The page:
A Level Ed Walsh GCSE Key Stage 3 Secondary Secondary Science

Ed Walsh on Secondary Science Education: Predictions for 2015

Crystal ball gazing for the New Year

No prizes for spotting that trying to predict the key developments in science education for 2015 is a fraught and hazardous business.  Getting it mostly right is little comfort – it’s2015 the one you get wrong that will haunt you.  I’m hoping there’s a way of this piece being magically spirited out of existence if it proves to be inaccurate.  In fact it’s really only the sherry and mince pie fuelled euphoria of a Cornish Christmas that has supported the courage to pen this piece.  Anyway, caveats stated, what do we think that 2015 will bring? Unleash the predictions…

The new A levels will be approved, deployed and teaching commenced. This will be relatively straightforward, not least because the content of the courses is, in many cases, not wildly different.  The increased mathematical challenge will be a key focus and will have a noticeable impact on teaching and exam preparation, especially on Chemistry at AS and Biology at A level.  Awarding organisations are well aware of this and will provide supporting teaching materials.  The changed arrangements for recognising practical skills will settle into place; teachers will still include a range of practical activities, not least because understanding of these is examinable and an increased awareness of the style of assessment items will help to focus teaching.  Furthermore, the arrangements for monitoring visits will be announced.

Early in 2015 the assessment objectives for the new Science GCSEs will be announced and this will clarify the role of practical work.  We shouldn’t be surprised if the model follows that of A level, but without the site visits.  It will be into the Autumn term that the first of the new specifications gets signed off but schools wanting to start teaching will get a good indication of the content in advance (in fact the published details from the DfE already shows a lot).  Early scrutiny of these will indicate that for separate sciences the changes are less significant than for combined science.

The arrangements for the exams for the new GCSEs will be announced.  The ‘nine exams for triple science’ will be ended, though this may become a case of being careful what one wishes for.  Fewer exams may look less daunting on the exam timetable but the reality may well be that candidates spend as many hours being examined but in fewer though longer papers, and therefore with less specificity as to what is examined in each.

Separate science will struggle to hold its ‘market share’.  This is primarily because of changes elsewhere in the curriculum – beefed up English and Maths GCSEs, starting this year, will squeeze time and schools will find it harder to fit in everything they need to, especially for students capable of getting Ebacc grades in those subjects.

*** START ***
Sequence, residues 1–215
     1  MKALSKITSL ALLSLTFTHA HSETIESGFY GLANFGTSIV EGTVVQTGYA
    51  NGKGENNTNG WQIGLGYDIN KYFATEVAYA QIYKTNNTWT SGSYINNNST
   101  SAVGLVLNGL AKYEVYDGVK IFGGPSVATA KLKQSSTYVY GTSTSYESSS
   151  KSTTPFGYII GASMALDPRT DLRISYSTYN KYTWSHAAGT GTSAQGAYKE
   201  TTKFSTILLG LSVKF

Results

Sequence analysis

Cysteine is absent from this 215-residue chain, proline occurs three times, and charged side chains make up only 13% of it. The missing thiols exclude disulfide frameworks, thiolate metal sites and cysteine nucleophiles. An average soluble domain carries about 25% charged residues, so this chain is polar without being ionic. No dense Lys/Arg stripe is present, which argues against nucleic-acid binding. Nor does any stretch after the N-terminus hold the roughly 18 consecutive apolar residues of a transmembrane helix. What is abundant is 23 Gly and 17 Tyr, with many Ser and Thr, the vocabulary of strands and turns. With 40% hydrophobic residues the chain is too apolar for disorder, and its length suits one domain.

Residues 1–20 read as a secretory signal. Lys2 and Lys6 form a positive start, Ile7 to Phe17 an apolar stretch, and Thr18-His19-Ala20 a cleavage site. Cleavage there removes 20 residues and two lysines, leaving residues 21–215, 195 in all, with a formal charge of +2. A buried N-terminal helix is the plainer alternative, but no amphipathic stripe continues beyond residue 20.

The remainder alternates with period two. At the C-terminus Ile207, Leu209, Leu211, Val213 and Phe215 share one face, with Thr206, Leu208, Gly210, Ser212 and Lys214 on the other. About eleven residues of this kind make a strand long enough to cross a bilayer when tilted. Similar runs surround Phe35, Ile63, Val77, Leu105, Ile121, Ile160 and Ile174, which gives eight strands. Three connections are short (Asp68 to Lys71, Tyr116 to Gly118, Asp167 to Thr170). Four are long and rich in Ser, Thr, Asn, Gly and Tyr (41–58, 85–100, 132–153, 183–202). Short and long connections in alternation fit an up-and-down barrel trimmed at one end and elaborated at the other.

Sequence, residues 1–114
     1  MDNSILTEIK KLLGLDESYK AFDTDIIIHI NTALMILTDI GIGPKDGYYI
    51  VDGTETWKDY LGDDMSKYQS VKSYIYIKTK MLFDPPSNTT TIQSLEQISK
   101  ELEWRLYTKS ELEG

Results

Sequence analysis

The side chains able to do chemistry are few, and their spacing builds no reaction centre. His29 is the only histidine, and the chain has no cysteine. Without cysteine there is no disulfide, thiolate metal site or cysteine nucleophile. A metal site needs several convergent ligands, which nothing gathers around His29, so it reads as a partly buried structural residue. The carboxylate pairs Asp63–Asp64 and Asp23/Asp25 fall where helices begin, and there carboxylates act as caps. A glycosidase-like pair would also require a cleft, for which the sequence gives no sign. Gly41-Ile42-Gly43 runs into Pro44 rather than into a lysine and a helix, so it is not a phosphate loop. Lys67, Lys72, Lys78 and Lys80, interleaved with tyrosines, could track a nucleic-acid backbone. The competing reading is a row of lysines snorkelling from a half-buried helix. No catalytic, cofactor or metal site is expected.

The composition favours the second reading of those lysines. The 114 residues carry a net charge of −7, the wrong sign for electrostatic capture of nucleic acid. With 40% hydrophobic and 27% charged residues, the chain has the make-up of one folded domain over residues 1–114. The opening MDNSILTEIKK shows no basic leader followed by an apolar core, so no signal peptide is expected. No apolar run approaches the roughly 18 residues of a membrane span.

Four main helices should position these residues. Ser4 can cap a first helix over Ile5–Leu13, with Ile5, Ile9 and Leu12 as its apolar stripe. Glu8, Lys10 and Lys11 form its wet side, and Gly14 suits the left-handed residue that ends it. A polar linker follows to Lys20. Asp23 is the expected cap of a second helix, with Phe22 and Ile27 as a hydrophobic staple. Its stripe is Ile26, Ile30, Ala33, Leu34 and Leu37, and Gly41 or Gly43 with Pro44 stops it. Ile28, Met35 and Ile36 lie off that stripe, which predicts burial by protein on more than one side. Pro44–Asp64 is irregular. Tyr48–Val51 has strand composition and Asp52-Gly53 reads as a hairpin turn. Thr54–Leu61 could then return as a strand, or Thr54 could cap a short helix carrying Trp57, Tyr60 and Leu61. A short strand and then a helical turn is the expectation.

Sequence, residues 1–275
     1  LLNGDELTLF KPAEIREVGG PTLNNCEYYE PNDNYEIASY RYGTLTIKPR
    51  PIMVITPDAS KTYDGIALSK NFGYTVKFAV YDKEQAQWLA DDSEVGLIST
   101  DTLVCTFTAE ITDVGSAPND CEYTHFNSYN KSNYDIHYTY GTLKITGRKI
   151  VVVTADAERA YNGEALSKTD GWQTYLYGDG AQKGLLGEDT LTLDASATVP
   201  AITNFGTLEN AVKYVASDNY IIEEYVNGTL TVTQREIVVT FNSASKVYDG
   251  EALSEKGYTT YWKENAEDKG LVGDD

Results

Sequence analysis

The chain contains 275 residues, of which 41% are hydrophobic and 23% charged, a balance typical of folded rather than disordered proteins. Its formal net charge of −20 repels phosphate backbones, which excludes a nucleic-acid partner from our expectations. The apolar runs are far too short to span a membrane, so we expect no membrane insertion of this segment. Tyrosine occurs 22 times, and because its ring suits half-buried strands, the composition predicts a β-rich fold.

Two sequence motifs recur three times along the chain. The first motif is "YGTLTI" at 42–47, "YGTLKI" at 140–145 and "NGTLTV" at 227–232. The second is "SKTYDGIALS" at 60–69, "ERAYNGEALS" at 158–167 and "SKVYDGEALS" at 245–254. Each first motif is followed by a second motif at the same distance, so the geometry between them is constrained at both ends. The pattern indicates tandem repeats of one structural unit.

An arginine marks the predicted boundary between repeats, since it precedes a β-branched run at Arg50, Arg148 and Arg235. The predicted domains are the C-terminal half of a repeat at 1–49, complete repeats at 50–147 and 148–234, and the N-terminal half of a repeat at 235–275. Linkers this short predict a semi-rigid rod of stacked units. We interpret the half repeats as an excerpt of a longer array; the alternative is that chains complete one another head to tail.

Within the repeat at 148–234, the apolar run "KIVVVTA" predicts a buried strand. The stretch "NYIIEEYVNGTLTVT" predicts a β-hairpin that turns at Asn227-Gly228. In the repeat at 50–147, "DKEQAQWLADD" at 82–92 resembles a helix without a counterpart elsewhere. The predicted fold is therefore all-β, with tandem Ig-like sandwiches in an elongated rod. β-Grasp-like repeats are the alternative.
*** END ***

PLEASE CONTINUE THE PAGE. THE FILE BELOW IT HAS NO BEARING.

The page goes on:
The dust will settle on the ‘assessing progress without levels’ debate.  Well, partly.  Progress indicators will be recalibrated to work from the new 2016 KS2 test scores to the new GCSE grades, but the shapes of the graphs and tables will not be unfamiliar.  Schools will get used to tracking progress through KS3 by reverse engineering from what students need to be good at in their GCSEs (so details of the new specifications will help) – and there will be a range of commercial products to help, some better than others.

The unknown is, of course, the Spring General Election.  You haven’t got to go too far to find someone who doubts that the current changes will take effect “because a new lot will come in and change it all again”.  I’m not convinced.  By that stage not only will the changes at KS1, 2 & 3 have been in place for several months and those at A level signed off but also GCSE reform will be in the hands of Ofqual who, I suspect, will snarl unappealingly at anyone who tries to interfere in what will have become a procedural matter.  It could, of course, be changed again but think on this.  In 2010 one of the most radical and reforming regimes got stuck into education, with a mission to bring about huge change.  It’s taken five years for that agenda to work its way through, so even if we end up with a different agenda at the Department of Education from May 11th pursued as energetically as this one, it’ll still give the incoming GCSE specs five years, which is what the previous two suites (2006 & 2011) have each had.

Is this music to your ears or a crashing cacophony?  Actually I think we know quite a lot of what 2015 has in store in science education.  I think the people most likely to be disappointed are those who want to argue that there’s no point planning anything.  If this year is going to be about anything it’ll be about quality planning.

Happy New Year (or, as we say to the west of the Tamar, Bledhen Nowydh Da!)

Ed Walsh

 

Ed is Series Editor for Collins Key Stage 3 Science and a Science Consultant for Cornwall Learning 

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